With many ways to use traditional grant making to advance our goals, why take on the challenges of impact investing? I believe there are two factors that make impact investment a more efficient path to scale the social impact of our work.



When we use grants as a vehicle to scale a high-potential innovation, we must have a plan to sustain the innovation at scale. Otherwise, the innovation dies off when capital dries up. Will the organization implementing the innovation build an earned revenue model? Will earned revenue fully offset the cost of the service or product delivery? If not, what sources of philanthropical capital can make a long-term funding commitment? With the changing budget and goals of philanthropic organizations, relying on ongoing foundation funding can be risky.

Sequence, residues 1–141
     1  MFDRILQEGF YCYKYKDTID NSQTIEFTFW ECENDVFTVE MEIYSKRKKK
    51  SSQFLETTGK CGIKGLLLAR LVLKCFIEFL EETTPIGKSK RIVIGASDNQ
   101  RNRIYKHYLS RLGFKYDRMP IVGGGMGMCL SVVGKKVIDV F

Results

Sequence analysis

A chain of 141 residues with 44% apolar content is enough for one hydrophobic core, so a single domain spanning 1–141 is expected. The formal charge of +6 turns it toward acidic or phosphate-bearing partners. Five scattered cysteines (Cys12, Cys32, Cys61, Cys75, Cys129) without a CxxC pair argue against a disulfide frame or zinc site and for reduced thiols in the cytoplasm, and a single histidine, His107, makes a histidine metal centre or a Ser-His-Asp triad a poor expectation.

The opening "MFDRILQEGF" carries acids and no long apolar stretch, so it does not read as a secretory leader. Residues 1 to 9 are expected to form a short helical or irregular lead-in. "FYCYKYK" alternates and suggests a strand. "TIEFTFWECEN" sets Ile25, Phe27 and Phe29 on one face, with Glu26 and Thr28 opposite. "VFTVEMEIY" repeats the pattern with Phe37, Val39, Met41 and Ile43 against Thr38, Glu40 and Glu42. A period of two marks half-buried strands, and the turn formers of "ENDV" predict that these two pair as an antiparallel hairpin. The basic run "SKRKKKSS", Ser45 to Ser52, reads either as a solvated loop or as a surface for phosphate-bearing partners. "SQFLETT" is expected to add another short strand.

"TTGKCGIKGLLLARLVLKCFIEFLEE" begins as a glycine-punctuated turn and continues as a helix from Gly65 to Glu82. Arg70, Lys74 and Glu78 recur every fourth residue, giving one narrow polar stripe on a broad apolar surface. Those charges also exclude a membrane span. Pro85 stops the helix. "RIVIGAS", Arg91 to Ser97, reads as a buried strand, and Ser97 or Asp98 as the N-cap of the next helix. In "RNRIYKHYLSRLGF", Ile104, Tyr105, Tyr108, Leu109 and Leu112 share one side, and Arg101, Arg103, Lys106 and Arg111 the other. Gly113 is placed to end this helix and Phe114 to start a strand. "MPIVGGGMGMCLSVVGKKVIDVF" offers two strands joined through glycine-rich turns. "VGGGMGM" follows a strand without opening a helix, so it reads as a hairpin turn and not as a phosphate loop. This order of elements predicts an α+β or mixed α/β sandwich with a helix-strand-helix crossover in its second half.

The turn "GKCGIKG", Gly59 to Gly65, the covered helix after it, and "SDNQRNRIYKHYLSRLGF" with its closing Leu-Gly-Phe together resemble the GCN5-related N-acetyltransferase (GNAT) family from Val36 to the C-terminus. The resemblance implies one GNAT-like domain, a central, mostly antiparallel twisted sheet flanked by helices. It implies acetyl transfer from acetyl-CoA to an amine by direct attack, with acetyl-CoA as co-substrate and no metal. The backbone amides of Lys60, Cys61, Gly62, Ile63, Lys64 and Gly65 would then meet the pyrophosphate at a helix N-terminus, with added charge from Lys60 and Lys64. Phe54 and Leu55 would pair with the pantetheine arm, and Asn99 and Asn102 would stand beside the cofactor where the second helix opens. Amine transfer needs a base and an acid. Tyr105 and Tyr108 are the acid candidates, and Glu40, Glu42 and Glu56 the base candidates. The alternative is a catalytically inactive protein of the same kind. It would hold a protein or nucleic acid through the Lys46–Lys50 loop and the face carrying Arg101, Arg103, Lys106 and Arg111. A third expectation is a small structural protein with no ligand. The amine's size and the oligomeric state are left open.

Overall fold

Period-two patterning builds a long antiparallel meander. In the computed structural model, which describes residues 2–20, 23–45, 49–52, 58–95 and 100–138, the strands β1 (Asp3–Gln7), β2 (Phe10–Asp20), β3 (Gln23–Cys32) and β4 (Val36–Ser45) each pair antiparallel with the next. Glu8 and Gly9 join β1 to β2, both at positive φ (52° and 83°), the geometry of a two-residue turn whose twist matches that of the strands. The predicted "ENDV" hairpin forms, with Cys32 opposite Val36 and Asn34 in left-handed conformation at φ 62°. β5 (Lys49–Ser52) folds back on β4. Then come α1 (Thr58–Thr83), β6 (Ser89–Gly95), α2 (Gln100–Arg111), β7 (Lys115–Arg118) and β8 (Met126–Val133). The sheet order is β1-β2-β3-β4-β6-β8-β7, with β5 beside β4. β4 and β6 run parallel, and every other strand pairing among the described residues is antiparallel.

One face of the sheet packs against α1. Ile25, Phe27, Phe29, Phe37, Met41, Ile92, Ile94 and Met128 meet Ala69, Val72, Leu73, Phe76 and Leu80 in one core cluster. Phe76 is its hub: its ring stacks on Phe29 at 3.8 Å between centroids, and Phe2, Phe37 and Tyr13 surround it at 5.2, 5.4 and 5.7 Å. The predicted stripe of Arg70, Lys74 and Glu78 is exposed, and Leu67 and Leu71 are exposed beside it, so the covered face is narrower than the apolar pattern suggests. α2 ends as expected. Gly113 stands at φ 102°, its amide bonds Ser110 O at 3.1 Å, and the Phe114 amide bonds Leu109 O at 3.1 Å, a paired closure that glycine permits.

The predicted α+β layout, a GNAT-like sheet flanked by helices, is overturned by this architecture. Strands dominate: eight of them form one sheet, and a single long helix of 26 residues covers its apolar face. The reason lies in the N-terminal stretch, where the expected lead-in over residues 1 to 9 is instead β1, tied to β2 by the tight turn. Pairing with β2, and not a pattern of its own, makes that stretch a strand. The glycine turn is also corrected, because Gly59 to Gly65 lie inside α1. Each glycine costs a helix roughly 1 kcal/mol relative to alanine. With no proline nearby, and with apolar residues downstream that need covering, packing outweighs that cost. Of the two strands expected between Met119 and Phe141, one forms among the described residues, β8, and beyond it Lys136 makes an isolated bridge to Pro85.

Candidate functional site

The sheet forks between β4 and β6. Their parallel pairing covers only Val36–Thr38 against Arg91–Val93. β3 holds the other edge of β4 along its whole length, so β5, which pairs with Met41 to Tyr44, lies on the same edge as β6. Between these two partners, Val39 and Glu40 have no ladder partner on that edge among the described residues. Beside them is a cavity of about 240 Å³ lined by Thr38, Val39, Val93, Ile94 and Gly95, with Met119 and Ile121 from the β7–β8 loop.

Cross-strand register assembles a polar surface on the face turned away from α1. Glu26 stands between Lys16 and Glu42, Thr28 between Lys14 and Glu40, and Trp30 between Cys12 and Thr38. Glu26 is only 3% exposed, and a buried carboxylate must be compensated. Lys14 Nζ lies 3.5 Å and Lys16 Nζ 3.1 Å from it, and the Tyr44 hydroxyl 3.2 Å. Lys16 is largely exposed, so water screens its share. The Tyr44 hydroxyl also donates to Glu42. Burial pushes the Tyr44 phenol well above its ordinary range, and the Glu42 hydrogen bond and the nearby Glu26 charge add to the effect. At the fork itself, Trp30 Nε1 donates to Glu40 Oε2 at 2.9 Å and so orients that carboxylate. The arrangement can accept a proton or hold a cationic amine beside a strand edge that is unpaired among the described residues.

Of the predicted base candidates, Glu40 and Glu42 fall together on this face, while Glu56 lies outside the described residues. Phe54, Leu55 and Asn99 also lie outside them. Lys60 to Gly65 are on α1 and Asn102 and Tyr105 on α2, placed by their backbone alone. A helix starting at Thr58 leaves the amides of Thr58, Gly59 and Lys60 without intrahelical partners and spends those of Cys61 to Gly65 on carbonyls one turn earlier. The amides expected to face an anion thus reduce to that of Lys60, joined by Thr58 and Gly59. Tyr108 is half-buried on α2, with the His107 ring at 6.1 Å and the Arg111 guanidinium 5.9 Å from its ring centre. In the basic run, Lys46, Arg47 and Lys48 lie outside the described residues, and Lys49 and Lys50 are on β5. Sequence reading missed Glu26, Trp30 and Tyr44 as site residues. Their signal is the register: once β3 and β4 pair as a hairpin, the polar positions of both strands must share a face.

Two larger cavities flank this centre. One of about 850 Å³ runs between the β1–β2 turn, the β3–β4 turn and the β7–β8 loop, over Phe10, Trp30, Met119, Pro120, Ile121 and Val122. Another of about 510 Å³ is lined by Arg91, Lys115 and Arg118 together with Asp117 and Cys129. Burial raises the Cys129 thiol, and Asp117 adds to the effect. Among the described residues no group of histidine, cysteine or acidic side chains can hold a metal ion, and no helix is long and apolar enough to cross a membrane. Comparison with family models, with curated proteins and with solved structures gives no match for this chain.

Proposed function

When making an impact investment in a for-profit company, we are investing in a market-based solution. We are looking for companies that provide a product or service that will solve a real problem for, say, teachers and improve outcomes for students. The company must be able to clearly articulate how its product or service will enable teachers to use data in the classroom to provide high-quality, personalized instruction. The company’s founders must not only demonstrate how their product or services advance our charitable mission, they must demonstrate that teachers, schools, and/or school districts are willing to pay for it. While that hits on the revenue side of the sustainability equation, we want to invest in companies that can manage cost to become financially sustainable. We look at the track record of the company’s leadership in building sustainable ventures, we assess their attitude towards cash management and evaluate the plausibility of the financial model. While we are investing to see these companies grow to reach a large number of teachers and students, we want them to manage growth so they can remain viable businesses that continue to make impact.